Cover: A Scoping Review of Guidelines and Quality Measures to Screen for Social and Caregiver Support and Cognitive Impairment in Primary Care

A Scoping Review of Guidelines and Quality Measures to Screen for Social and Caregiver Support and Cognitive Impairment in Primary Care

Published Nov 2, 2022

by Sydne J. Newberry, Aneesa Motala, Lisa V. Rubenstein, Paul G. Shekelle, Jody Larkin

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Research Questions

  1. What guidelines and quality measures exist regarding assessment of social support of high-risk patients with complex care needs?
  2. What assessment questions or tools are used in primary care to quickly identify (need for) social support of high-risk patients with complex care needs?
  3. What guidelines and/or quality measures exist regarding screening high-need patients for CI in the primary care setting?
  4. What screening tools are currently used in the primary care setting to briefly screen for CI, and what is their evidence base?

High-risk patients — those patients with complex health care needs who are most likely to face hospitalization or death in the following two years — are most often initially seen in the primary care setting. This small group of patients uses a disproportionate amount of care resources. Contributing to the challenges of care planning for this population is that individuals are highly heterogeneous; no two patients present the same set of symptoms, diagnoses, and challenges related to social determinants of health (SDOH).

Methods for early identification of these high-risk patients — and their care needs — have raised the possibility of timely enhanced care. In this study, the authors conduct a scoping review to identify existing measures of care quality; assessment and screening guidelines; and tools that (1) assess social support, the need for caregiver support, and the need for referral to social services and (2) screen for cognitive impairment (CI). Evidence-based screening guidelines define who and what should be assessed — and how often — to enhance care quality and improve health outcomes, whereas measures permit ascertainment that this assessment is occurring. Evidence-based guidelines and measures — those that are found to lead to better health care outcomes — would be candidates for inclusion in a measure dashboard for high-risk patients in primary care settings.

Key Findings

Social Support

  • Social support, as conceived by the tools and other resources identified, encompasses at least two concepts: help when needed with performing activities of daily living (ADLs) and presence of emotional support (i.e., the absence of loneliness or social isolation).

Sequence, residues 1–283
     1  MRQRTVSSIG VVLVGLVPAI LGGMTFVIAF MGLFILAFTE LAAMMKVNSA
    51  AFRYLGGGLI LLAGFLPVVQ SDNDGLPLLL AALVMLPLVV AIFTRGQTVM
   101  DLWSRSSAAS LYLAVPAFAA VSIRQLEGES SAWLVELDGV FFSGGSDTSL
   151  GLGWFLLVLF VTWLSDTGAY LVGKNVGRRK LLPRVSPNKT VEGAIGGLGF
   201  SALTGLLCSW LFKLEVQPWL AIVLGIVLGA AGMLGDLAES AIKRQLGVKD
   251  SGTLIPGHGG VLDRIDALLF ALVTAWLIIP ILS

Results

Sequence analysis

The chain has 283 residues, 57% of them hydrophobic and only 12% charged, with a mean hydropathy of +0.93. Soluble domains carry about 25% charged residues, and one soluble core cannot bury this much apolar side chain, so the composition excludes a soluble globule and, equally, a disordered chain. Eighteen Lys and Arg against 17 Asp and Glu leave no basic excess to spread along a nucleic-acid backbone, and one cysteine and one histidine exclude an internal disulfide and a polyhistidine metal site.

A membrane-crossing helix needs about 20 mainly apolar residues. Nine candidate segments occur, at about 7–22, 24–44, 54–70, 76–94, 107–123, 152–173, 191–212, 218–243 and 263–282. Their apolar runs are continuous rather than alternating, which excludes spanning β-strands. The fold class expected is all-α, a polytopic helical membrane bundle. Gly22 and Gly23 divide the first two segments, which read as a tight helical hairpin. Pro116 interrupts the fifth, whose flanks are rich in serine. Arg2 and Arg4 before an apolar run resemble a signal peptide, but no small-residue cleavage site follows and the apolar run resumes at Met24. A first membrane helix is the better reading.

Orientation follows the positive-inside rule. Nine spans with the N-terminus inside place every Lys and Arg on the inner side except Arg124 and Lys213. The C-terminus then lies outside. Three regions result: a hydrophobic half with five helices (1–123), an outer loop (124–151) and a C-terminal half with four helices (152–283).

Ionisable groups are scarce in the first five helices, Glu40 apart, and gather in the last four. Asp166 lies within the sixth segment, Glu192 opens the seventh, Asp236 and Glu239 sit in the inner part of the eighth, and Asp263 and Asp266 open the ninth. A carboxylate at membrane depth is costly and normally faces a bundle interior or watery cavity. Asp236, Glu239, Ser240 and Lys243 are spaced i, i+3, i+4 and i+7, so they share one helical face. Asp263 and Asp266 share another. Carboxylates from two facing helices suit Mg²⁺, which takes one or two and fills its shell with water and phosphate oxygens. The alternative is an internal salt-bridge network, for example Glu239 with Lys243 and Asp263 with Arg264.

• We identified no existing quality measures for assessing existing social or caregiver support or the need for referral to social services in primary care settings.
  • One identified guideline provided a decision support tool for assessing the need for social or caregiver support. No information on implementation or validation was found.
  • Many tools exist for assessment of ADLs and SDOH in primary care settings, and some of these tools include items to assess social support, need for further caregiver support, and need for referral. None of the tools was adapted for patients with complex care needs or validated using health or other important outcomes.

Cognitive Impairment

  • We identified several quality measures and evidence-based guidelines for screening patients for CI in primary care settings, although routine screening of patients who do not present with evidence of CI remains controversial.
  • Numerous brief screening tools exist for assessment of age-related CI, and several tools exist for screening for CI associated with chronic conditions. Most of these tools have been validated against specialty assessment, and some have been compared in the same populations.
  • No one screening tool appears to be ideal, but some candidates exist. Nevertheless, several challenges, including the lack of validation among diverse populations, must be overcome for all CI screening.

Research conducted by

This research was funded by the Veterans Health Administration (VHA) and conducted by the Access and Delivery Program within RAND Health Care.

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